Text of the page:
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Student Parallel Election Program (Student Vote) Evaluation

Section 5 Conclusions

Overall, the results of the evaluation show that Student Vote is generally meeting its stated objectives for students and teachers. While some results are more clearly demonstrated than others, the overall evaluation demonstrates the positive impact of the program on students and teachers.

5.1 Impart Knowledge and understanding of Canada's Democratic System among Students

Self-reported student knowledge of politics and government showed an increase after the completion of Student Vote. This increased knowledge was also demonstrated in the answers to the knowledge-based questions. After Student Vote, students answered more of the knowledge-based questions on the survey correctly. These findings were robust and continued to have a significant impact when the regression analysis controlled for possible confounding variables. Thus, participating in Student Vote does have a significant impact on student knowledge.

Parents and teachers also reported that the Student Vote program had had a strong impact on student knowledge. Parents felt that the Student Vote activities had increased their child(ren)'s knowledge and critical-thinking skills about politics and government. Teachers likewise reported that Student Vote had significantly impacted student knowledge, stating that testing and observations of student questions and knowledge reinforced this belief.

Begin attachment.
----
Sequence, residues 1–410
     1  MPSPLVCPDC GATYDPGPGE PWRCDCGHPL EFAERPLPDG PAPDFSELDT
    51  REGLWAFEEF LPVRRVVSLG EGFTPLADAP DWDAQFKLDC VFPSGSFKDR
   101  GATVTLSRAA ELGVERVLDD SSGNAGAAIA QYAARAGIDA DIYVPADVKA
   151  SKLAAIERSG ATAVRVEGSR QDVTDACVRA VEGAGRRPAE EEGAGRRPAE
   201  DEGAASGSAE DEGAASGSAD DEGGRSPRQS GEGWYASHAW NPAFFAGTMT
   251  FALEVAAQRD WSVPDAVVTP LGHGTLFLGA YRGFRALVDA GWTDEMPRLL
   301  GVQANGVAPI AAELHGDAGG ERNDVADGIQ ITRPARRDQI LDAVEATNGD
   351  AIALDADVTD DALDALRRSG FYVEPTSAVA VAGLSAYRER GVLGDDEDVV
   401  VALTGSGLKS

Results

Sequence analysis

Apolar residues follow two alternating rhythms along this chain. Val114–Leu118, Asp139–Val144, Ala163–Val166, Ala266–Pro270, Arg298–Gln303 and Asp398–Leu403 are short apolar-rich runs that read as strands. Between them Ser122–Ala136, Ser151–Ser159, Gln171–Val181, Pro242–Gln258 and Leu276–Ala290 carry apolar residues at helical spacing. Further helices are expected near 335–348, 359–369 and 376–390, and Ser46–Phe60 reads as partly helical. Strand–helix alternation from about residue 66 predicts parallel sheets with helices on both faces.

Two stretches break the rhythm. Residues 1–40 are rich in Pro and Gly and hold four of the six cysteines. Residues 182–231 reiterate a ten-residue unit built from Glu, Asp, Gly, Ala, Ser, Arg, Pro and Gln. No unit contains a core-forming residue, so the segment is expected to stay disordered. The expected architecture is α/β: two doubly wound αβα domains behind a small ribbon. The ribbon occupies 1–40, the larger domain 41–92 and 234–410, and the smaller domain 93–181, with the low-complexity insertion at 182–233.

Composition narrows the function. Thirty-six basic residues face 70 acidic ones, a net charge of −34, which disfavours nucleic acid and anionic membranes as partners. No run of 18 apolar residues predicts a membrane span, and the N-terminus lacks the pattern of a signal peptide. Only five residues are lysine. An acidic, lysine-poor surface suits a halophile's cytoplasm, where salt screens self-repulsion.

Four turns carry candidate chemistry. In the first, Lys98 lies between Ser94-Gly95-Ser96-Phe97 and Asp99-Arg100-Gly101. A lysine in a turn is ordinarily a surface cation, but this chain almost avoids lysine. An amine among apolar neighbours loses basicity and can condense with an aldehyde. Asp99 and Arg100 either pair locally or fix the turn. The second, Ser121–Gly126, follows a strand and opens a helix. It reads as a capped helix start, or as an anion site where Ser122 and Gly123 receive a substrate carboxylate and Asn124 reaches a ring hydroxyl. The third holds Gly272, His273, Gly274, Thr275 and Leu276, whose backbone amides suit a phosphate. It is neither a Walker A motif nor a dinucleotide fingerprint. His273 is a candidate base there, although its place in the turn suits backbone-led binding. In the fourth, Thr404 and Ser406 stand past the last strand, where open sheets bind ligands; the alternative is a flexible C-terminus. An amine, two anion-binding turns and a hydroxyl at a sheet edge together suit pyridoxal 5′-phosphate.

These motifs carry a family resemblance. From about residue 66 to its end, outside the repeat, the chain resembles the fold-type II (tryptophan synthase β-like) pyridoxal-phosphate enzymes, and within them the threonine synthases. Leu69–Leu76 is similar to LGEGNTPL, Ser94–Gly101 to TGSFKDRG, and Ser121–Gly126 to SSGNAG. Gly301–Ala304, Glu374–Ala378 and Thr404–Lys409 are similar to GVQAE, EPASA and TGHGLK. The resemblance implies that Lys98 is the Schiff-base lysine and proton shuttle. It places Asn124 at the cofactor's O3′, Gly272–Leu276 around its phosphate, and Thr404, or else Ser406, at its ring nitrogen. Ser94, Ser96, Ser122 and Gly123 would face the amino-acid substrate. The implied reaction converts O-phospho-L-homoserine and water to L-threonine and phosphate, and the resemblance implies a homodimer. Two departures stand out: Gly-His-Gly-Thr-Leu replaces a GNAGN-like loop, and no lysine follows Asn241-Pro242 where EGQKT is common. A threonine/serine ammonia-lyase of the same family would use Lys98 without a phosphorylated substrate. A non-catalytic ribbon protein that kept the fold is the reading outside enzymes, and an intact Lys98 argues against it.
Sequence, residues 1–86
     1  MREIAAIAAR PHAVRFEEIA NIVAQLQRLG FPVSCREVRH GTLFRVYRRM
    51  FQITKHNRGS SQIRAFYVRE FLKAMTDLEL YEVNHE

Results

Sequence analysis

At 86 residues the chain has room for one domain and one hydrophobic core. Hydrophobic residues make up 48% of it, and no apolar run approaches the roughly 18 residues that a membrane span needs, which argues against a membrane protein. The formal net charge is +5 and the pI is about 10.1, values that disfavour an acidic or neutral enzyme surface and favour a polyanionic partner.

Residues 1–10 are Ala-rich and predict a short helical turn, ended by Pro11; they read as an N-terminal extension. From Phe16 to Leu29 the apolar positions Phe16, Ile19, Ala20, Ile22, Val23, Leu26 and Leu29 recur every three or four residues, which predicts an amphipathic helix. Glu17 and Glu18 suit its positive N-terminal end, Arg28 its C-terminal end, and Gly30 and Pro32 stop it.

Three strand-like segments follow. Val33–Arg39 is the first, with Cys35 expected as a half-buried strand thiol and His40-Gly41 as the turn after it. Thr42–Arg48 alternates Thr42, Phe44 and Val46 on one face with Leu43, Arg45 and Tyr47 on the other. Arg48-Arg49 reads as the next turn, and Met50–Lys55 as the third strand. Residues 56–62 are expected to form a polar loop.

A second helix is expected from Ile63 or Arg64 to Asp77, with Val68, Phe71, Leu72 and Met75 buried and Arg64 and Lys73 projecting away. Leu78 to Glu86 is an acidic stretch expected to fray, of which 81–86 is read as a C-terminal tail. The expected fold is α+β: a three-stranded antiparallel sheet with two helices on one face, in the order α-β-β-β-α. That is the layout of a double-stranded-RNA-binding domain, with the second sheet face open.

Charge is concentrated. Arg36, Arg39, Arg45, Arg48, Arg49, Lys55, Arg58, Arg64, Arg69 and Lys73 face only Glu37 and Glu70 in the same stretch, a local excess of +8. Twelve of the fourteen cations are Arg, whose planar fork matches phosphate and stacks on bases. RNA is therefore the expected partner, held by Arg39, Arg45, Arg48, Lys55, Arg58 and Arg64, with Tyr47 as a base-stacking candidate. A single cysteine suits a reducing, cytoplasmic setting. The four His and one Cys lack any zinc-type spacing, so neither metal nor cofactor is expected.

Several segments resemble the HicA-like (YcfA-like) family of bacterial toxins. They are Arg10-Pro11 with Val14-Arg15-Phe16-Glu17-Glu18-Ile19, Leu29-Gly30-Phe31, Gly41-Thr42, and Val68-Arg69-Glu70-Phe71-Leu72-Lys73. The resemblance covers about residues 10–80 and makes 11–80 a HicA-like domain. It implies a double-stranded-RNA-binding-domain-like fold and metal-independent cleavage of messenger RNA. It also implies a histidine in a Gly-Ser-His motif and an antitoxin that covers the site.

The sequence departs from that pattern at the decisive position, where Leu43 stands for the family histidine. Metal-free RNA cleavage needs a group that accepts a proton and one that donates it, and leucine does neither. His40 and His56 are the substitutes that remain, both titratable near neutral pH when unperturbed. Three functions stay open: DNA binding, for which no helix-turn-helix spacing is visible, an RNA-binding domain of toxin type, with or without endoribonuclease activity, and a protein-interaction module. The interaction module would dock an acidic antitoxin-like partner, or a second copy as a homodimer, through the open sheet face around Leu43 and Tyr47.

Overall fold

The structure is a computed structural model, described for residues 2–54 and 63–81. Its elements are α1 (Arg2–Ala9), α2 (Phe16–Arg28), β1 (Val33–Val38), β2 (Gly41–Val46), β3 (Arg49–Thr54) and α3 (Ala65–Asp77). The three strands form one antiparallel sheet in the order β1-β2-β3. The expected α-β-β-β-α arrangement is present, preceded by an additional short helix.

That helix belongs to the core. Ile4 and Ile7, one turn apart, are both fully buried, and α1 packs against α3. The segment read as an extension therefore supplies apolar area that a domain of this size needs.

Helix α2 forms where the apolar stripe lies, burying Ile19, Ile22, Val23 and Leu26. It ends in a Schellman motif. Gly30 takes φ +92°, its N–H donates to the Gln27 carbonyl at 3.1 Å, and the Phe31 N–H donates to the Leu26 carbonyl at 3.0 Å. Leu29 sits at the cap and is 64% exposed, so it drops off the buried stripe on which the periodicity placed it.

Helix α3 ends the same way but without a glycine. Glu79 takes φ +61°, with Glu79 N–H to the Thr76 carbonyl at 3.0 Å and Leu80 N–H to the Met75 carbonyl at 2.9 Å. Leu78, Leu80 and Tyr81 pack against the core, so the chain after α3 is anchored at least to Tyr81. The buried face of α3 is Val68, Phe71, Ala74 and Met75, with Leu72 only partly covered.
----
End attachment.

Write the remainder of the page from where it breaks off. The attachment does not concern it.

5.2 Generate Appreciation of the Importance of Voting and Civic Engagement among Students

Student Vote had a positive, although modest, impact on student appreciation of politics, elections and civic engagement. While Student Vote did not increase the proportion of students who reported being very interested in politics, it did increase the proportion who were somewhat interested, and reduced the proportion who were not at all interested, in politics. This implies that while Student Vote did not necessarily create an intense interest in politics, it did help to increase moderate interest and awareness of politics as well as address a certain level of apathy about politics. However, the impact of Student Vote on student interest in politics was not very robust and became insignificant when other variables were controlled for in the regression analysis. This suggests that the main effect found for Student Vote is being driven by various other factors.